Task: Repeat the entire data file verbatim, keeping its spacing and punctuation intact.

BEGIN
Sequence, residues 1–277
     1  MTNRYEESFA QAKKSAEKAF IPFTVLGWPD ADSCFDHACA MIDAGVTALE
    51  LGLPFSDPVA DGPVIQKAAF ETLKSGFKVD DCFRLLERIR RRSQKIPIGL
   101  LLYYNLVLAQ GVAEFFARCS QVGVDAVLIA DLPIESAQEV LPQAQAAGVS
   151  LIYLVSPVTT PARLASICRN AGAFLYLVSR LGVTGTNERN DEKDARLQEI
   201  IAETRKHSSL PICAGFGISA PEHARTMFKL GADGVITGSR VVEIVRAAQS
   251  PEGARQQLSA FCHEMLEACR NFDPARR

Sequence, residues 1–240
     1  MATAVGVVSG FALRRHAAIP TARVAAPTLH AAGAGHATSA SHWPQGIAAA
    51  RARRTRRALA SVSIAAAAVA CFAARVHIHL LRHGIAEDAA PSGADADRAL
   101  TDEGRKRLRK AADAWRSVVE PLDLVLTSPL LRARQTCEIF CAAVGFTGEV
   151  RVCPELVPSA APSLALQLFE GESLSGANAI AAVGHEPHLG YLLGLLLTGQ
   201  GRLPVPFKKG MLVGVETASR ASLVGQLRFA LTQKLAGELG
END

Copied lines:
Sequence, residues 1–277
     1  MTNRYEESFA QAKKSAEKAF IPFTVLGWPD ADSCFDHACA MIDAGVTALE
    51  LGLPFSDPVA DGPVIQKAAF ETLKSGFKVD DCFRLLERIR RRSQKIPIGL
   101  LLYYNLVLAQ GVAEFFARCS QVGVDAVLIA DLPIESAQEV LPQAQAAGVS
   151  LIYLVSPVTT PARLASICRN AGAFLYLVSR LGVTGTNERN DEKDARLQEI
   201  IAETRKHSSL PICAGFGISA PEHARTMFKL GADGVITGSR VVEIVRAAQS
   251  PEGARQQLSA FCHEMLEACR NFDPARR

Sequence, residues 1–240
     1  MATAVGVVSG FALRRHAAIP TARVAAPTLH AAGAGHATSA SHWPQGIAAA
    51  RARRTRRALA SVSIAAAAVA CFAARVHIHL LRHGIAEDAA PSGADADRAL
   101  TDEGRKRLRK AADAWRSVVE PLDLVLTSPL LRARQTCEIF CAAVGFTGEV
   151  RVCPELVPSA APSLALQLFE GESLSGANAI AAVGHEPHLG YLLGLLLTGQ
   201  GRLPVPFKKG MLVGVETASR ASLVGQLRFA LTQKLAGELG